Fun Fact: November 19th is World Toilet Day. Put it on your calendar right now, and I’ll wait to continue until you are done. Okay, ready? So in this book we get all the poop on poop (which is a line from a different poop-related book for kids). Telling us that as of right now 40% of the world’s population doesn’t have proper sanitation, the book ropes the global sanitation crises into a look at the history of human waste. You get the down low on what it was like in the past, as well as what it’s like for some folks today. Best of all, it mentioned that the Bill & Melinda Gates Foundation had a challenge to Reinvent the Toilet for those nations and communities that need ’em.
Saturday Night Live by Arie Kaplan
Now there’s a thought. Teens like TV. Why not take something with history, like Saturday Night Live, and give kids the 411 on it? Coming out in tandem with the 40th anniversary of the show, the book covers the highs, lows, and controversies of the last-night comedy show.
Transgender Lives by Kirstin Cronn-Mills
First off, you can’t really get the cover from this image. It’s reflective foil that, when you look at it, shows your own face. Cool, right? Well, since the publication of Susan Kuklin’s Beyond Magenta, we’ve started seeing an increased comfort in YA fare on the transgendered. In this particular case, author Kirstin Cronn-Mills was working on this for quite a few years. The book introduces seven different people, discussing their lives and stories.
Up for Sale by Alison Marie Behnke
Probably the toughest book on the list. As you can see, it’s a book on contemporary human trafficking, but not a single kind of trafficking situation. No, it hits on all the different aspects of trafficking, even the human organ trade. At the same time author Behnke talks readers through the legal reforms and advocacy being done on behalf of the victims. Since a significant number of people trafficked are teens, this makes for a perfect YA nonfiction tie-in.
Sometimes You Barf by Nancy Carlson
“Here’s the deal: Sometimes you barf . . . But it’s okay. You get better!” For kids that have barfed in public, there’s really not a book for their plight. Nancy Carlson has therefore managed to come up with a topic that everyone needs in their libraries but that, to the best of my knowledge, no one has ever asked for before. Excellent.
Santa Clauses by Bob Raczka
Think of it as a literary advent calendar. Starting with December 1st, the book systematically does one poem for each day, counting down to Christmas itself. The poems themselves are haikus (this is Bob Raczka we’re talking about, after all) and the art by Chuck Groenink is really rather remarkable. I don’t know how nobody thought of this before, but I’m happy it’s finally going to happen.
Dear Wandering Wildebeest by Irene Latham
More poetry, thank goodness. Not like we see a bunch of it in a given year. In this book the entire ecosystem of a watering hole is looked at with poetry and facts. The poetry yields poems with titles like “Triptych for a Thirsty Giraffe”. The facts discuss what’s actually going on in each spread.
Who Was Here? by Mia Posada
Here in New York we don’t get much call for teaching our kids about animal tracks. In other parts of the country, though, it’s a given. In this book, all the prints are rendered in actual size. From camels to moose to kangaroos, you get a global look at animal tracks from all over the world.
BirdCatDog by Lee Nordling
If poetry is rare this year then comics are even rarer. So imagine my relief when I saw this graphic novel. A wordless graphic novel at that. Each page allows you to read the three stories (of the bird, cat, and dog) together or separately, as you prefer. I don’t know this Meritxell Bosch of which they speak. All I know is that in my next life I want to come back as someone named Meritxell. If there’s a cooler first name out there, I haven’t heard of it.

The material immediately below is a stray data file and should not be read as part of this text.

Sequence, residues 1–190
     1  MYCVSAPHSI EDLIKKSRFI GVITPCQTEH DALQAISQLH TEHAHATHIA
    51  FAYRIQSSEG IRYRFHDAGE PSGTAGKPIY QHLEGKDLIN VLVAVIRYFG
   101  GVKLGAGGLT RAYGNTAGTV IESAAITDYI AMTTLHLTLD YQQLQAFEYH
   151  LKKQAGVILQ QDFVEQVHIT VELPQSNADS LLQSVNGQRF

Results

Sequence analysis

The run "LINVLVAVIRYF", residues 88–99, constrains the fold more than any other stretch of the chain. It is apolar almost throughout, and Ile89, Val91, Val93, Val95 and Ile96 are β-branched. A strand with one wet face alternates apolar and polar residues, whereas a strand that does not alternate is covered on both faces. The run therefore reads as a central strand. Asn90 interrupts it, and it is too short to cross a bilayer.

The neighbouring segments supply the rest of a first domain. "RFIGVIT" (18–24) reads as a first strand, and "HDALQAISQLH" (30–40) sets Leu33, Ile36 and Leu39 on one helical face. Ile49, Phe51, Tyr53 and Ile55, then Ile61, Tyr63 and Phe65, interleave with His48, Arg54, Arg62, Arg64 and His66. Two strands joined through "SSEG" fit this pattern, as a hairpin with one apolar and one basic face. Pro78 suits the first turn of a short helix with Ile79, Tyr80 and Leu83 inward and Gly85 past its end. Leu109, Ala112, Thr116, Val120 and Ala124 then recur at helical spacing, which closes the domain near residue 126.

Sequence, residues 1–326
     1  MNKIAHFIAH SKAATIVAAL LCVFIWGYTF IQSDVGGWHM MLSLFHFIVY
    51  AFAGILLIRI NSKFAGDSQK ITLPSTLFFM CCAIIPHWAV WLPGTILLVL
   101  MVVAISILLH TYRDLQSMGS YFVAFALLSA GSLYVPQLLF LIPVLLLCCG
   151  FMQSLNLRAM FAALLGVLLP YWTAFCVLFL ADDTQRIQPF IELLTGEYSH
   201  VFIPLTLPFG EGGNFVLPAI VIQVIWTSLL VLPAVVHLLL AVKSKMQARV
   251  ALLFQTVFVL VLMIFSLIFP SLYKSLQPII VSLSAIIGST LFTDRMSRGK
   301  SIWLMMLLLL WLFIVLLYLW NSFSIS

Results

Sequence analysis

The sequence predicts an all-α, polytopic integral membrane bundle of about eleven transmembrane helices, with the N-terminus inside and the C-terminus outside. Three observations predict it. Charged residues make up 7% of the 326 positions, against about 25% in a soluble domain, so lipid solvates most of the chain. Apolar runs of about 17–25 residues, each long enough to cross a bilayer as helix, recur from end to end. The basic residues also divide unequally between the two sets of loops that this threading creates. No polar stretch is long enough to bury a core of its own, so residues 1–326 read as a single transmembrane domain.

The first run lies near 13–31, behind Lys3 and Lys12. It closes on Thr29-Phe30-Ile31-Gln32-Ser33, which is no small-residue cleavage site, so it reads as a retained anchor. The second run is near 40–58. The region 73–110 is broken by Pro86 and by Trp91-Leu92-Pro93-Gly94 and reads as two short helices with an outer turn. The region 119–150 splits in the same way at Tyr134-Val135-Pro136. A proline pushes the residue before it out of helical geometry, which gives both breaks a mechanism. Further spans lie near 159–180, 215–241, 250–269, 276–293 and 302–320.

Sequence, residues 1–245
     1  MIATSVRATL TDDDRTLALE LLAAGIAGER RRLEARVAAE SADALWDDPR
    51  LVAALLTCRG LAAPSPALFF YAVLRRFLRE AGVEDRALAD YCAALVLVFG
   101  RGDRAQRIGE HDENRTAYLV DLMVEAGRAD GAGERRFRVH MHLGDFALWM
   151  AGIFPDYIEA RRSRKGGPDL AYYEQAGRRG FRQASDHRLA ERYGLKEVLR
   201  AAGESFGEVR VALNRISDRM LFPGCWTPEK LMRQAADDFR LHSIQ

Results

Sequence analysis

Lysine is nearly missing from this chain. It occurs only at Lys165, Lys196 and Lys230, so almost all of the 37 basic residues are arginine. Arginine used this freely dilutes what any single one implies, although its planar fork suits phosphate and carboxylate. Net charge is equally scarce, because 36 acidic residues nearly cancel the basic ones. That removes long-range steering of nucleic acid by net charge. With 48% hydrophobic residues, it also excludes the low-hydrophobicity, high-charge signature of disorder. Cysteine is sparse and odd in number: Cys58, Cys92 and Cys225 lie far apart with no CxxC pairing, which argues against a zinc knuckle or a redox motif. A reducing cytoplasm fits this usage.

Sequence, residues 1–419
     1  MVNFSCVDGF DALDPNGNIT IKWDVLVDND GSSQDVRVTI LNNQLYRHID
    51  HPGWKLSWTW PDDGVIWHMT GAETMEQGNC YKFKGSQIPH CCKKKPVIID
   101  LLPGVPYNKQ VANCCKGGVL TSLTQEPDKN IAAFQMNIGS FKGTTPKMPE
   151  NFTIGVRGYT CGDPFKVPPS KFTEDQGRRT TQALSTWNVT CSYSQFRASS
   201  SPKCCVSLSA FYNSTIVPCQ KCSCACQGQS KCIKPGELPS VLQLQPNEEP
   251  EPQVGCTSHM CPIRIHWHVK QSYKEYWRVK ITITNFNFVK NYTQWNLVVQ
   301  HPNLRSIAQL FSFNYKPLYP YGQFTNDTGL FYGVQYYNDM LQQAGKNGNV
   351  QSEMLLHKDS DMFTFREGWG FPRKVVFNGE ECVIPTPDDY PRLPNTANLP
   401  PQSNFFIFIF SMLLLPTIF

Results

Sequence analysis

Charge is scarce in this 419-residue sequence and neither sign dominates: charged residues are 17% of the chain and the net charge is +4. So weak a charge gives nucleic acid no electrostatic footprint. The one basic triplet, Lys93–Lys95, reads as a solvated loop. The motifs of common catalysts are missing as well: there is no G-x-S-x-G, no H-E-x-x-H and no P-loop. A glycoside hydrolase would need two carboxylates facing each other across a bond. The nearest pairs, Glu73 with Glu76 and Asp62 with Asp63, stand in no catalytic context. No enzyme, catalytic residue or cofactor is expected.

I Remember Beirut by Zeina Abirached
If anyone remembers A Game of Swallows, then they should be mighty excited to read this follow-up to the award winning book. Born in Lebanon in 1981, A Game of Swallows chronicled one family’s escape. In this prequel of sorts, you see what was going on outside the walls of their home. Lots of little details are included, like Zeina going out to collect shrapnel with her brother for fun.
Fat & Bones by Larissa Theule
I’ve actually read this one! Partly just to see whether or not it really is YA or if it could fit in a middle grade library. And after reading it . . . yeah, I guess YA is the right place for it. It’s not that the content is anything too terrible. It’s just a mature little book. A middle school library could probably hold onto it without difficulty. Told as slightly supernatural short stories, the book makes for a fun quick read. The art brings to mind Stephen Gammell and his Scary Stories to Tell in the Dark. Seems to me Adam S. Doyle was the guy they should have called when they had those puppies re-illustrated.
Knockout Games by G. Neri
Finally, we have ourselves a G. Neri. I wish he’d do more middle grade, but since he has a picture book coming out this year (a bio of Johnny Cash, no less) I guess I can’t complain. This book plays off of that relatively recent news story about teen randomly knocking out strangers in something they call “knockout games”. But the games aren’t new and Neri’s been working on this book for years. Heck, in the back of the book there’s even a note from a St. Louis librarian attesting to the validity of this story. In this tale a girl would be filmmaker is contacted by the leader of a gang. He wants her to film his exploits and as she does the book takes on a kind of Man Bites Dog turn. Definitely YA.
And that’s all she wrote! Thanks to Lindsay and the good folks at Lerner for giving me a peek at the wares. Cheers!
Filed under: Librarian Previews
About Betsy Bird
Betsy Bird is currently the Collection Development Manager of the Evanston Public Library system and a former Materials Specialist for New York Public Library. She has served on Newbery, written for Horn Book, and has done other lovely little things that she'd love to tell you about but that she's sure you'd find more interesting to hear of in person. Her opinions are her own and do not reflect those of EPL, SLJ, or any of the other acronyms you might be able to name. Follow her on Twitter: @fuseeight.